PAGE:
Thu. Oct 21st, 2021

Ex-Celtics player has strong words for city youth on drug addiction

MANCHESTER — Former Celtics player Chris Herren’s talk about battling drug addiction and stories he’s heard about other families’ struggles drove a Manchester High School Central student to run crying out of the school assembly Friday.

Herren then scolded classmates who snickered at her exit.

“I can’t believe I just watched a little girl walk out of here crying that way and I watched kids laugh like she was a joke.” Herren told students in the school auditorium.

“Imagine, there are kids in here right now that know Christmas is different because of drugs,” Herren said. “Your birthday parties are different because of drugs. Your clothes are different because of drugs, and yet you have the audacity to laugh at a girl who has the courage to cry in front of classmates.”

Herren, drug-free since 2008, addresses about 250 assemblies a year around the country, discussing how he refocused his life to put sobriety and his family as his top priorities.

The Fall River, Mass., native said the first of two Central assemblies he spoke at Friday was “one of the most emotional assemblies that I’ve ever done.”

Sniffling from students could be heard during the second assembly.

A video Herren narrated tracked his life and how at a news conference to announce his arrival with the Celtics, he focused more on meeting his OxyContin dealer afterward. He played only two years in the NBA, including the 2000-01 season with Boston.

“We should be able to teach our children the ability to communicate and be transparent and communicate their struggle or their strength and if we empower them at a young age, by the time they get to high school, they’ll be so comfortable with expressing what they’re struggling with,” Herren said in an interview.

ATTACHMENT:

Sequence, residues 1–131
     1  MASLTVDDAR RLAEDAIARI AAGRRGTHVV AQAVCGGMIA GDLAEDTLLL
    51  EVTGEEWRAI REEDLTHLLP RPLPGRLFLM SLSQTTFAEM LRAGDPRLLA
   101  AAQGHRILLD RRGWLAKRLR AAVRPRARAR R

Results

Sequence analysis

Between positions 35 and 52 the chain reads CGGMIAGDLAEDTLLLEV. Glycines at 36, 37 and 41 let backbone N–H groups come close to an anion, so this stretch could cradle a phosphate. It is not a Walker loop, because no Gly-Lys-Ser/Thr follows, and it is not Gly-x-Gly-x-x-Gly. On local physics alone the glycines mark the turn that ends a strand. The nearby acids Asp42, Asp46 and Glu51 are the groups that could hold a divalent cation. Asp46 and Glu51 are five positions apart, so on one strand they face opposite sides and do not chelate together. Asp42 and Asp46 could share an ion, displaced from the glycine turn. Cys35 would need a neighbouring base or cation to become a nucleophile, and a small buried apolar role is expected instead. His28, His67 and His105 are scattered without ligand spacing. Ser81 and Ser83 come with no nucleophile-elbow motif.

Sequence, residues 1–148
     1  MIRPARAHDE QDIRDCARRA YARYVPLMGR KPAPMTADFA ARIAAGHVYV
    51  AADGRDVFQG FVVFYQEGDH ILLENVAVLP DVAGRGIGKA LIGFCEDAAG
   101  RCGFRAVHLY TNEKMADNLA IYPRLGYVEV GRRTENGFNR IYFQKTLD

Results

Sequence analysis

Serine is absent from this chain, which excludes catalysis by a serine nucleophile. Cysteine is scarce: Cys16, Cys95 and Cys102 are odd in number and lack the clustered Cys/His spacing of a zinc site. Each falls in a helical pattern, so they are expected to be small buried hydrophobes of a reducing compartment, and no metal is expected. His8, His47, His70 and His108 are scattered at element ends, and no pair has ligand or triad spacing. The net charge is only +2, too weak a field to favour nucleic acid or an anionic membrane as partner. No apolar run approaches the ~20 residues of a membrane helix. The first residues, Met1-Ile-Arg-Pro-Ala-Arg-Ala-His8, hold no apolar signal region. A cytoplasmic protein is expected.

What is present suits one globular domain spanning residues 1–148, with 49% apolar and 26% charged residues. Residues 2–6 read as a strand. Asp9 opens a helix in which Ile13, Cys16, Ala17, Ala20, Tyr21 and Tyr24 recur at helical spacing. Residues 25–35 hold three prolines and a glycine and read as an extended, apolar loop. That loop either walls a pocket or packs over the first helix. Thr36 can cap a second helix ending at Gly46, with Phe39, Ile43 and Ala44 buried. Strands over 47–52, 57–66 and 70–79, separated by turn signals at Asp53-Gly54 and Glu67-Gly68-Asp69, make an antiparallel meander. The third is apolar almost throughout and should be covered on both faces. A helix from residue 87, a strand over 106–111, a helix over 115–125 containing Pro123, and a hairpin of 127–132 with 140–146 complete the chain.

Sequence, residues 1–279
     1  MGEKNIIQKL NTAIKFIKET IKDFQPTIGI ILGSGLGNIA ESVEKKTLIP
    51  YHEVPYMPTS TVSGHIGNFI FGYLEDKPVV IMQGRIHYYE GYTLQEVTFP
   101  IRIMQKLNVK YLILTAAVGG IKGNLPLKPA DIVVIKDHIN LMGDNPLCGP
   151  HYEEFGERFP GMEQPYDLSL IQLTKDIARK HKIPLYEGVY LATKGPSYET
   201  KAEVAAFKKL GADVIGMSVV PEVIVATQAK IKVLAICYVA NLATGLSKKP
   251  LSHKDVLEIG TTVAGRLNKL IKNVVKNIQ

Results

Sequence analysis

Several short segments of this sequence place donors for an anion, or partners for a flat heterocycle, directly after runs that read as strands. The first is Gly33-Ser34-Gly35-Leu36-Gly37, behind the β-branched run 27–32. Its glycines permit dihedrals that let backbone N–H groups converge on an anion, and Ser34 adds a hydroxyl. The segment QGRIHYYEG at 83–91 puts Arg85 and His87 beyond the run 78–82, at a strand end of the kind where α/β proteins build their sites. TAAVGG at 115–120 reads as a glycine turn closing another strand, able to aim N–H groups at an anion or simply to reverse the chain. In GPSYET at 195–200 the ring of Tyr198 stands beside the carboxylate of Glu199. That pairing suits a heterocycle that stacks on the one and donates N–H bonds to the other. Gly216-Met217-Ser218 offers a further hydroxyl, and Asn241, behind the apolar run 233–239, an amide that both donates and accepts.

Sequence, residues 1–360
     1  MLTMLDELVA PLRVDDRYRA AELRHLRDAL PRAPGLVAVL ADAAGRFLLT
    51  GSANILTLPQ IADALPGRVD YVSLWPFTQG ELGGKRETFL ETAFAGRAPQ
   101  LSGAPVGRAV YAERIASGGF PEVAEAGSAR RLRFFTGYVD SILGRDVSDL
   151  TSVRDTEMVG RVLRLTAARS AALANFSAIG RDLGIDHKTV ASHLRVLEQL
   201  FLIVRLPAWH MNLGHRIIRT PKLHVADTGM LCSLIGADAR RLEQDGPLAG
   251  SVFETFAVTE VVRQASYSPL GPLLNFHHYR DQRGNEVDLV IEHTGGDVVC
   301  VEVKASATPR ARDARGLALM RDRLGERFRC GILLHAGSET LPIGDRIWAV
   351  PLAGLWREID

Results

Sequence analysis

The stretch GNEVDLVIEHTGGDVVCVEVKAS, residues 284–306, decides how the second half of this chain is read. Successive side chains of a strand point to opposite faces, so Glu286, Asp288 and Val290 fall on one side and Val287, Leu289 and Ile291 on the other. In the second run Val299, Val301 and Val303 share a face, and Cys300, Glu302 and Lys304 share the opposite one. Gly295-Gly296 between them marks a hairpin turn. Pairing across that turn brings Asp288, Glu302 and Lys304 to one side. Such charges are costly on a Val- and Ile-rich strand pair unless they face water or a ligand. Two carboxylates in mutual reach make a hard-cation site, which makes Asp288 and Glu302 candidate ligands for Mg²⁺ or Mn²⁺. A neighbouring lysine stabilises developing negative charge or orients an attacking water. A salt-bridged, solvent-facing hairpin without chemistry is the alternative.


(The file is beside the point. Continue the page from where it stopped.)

Former Boston Celtics basketball player Chris Herren engages students during a presentation

at Manchester Central on Friday. (DAVID LANE/UNION LEADER)


He said students should be taught about wellness “day one” and that access to health care and treatment is a key to helping the addicted become sober.

He called Manchester’s Safe Stations program, which allows addicts to head to a city fire station for help without fear of being arrested, a “beautiful” idea.

Students attending the first assembly said Herren’s talk mattered.

“It was a beautiful presentation,” said freshman Leah Lyonnais, 14. “I made sure never to go down the wrong path.”

Freshman Rakiatou Konate, 14, called the message “heart touching. It was real sad. When I see my friends make bad decisions, I’ll be there for them.”

Tastryanna Bennitt, 17 and a senior, said: “It made me rethink decisions I made. Made me want to influence my sisters more in a good way.”

And sophomore Femi Fatukasi, 15, said: “It meant for me everyone can change in life.”




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